NCE at 50 | Editor’s Comment

NCE has been a constant companion to me throughout my career after receiving my first copy during an internship at a small civil engineering consultancy at the age of 14.

Claire Smith, NCE editor

When I was 20 I became a student member of ICE and started getting my own copy and found my first three jobs after graduation through its recruiting pages. It was in NCE also that I had my first article published as a construction journalist – at that time I never thought I would end up as an editor.

Talking to many people at all levels of the industry while we were preparing the content for this supplement brought up more stories of NCEthe influence of and how it has been a key source of information throughout people’s careers. And that’s exactly what NCE set out to do 50 years ago – providing civil engineers with timely information on best practices and industry developments – and it still does today.

Rapid change over the past 25 years

Some of the issues we report are also the same – like getting to the bottom of building failures – others, like the drive for net zero carbon, are new. The industry has evolved rapidly since NCE25th anniversary supplement, which made some interesting predictions about the future. The industry is expected to evolve further before the magazine reaches its 100th anniversary.

Nonetheless, we have worked with industry partners to examine what the future holds in key sectors and examine the challenges we still face. I want to thank all the companies that have joined us to mark NCE‘s 50th anniversary and who helped us make this supplement possible.

In addition to providing essential information for civil engineers, 50 years of NCE also created a family of all the people who worked on the magazine over the years. By working with former editors and former staff to bring this supplement together, the impact NCE had on the careers of these people also became very clear to me.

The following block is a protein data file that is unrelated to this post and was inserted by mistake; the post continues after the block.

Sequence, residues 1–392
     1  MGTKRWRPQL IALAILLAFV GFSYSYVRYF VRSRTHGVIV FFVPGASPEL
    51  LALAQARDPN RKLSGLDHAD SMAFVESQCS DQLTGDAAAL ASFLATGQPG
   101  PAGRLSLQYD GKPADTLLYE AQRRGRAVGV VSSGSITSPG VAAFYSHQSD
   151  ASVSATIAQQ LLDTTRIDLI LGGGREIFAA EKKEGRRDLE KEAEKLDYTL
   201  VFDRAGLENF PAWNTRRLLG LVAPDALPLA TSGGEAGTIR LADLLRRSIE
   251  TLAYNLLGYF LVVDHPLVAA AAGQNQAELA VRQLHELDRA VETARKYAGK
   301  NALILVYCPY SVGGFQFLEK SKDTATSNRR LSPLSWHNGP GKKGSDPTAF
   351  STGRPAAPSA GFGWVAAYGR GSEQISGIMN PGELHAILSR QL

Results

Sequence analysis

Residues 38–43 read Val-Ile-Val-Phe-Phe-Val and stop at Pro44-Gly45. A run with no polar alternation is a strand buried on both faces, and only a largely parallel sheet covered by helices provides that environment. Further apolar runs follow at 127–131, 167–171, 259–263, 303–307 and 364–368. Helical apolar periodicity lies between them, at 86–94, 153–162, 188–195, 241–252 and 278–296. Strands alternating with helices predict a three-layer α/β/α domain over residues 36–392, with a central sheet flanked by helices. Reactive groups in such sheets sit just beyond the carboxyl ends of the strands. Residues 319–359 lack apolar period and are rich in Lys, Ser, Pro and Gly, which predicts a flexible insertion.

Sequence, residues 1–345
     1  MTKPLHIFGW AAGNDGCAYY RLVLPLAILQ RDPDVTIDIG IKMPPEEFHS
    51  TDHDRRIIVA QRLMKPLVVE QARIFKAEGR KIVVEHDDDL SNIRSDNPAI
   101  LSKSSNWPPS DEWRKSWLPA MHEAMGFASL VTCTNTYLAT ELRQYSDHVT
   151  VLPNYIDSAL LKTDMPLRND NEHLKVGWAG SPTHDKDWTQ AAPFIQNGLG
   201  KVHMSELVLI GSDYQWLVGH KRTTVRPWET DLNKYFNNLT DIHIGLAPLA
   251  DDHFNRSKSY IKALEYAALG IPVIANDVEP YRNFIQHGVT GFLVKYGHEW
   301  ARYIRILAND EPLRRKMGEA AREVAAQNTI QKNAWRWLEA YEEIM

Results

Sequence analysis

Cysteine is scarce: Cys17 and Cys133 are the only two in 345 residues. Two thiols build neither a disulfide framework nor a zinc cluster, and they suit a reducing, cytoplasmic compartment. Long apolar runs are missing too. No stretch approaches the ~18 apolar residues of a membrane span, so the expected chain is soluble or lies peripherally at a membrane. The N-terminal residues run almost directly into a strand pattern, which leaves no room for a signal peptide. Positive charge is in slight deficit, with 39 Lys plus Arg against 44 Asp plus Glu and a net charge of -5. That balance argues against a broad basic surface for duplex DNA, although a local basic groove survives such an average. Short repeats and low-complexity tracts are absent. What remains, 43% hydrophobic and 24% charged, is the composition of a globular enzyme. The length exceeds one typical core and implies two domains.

Overview of what is wrong

In our Industry Timeline section, we bring to life the key moments of technical failure that marked each editor’s time at the helm of the magazine. It provided clear insight into what went wrong prior to these incidents, which helped position NCE as a leading voice in the industry. The most striking thing I have noted while editing these pages is the rarity of failures during the construction phase, while the infrastructure is still hampered by failures in use, which highlights the ongoing challenge forecasting asset performance. This is something that civil engineers will need to improve in the decades to come, as predicting resilience to climate change adds a new burden to our infrastructure.

Refreshingly, what has changed for the better is the genre diversity that now exists and is growing in the industry. There’s also a focus on mental health and well-being that goes far beyond the basics of site safety. When I graduated 25 years ago, there were few female role models, so it was a joy to chair the roundtable for this supplement where we achieved gender balance despite the seniority of guests.

I hope the problem solving skills of civil engineers will deliver many positive stories for the future NCE birthdays and create an industry that offers an attractive career path to a wide range of people.

Do you like what you read? To receive daily and weekly New Civil Engineer newsletters, click here.

Comments are closed.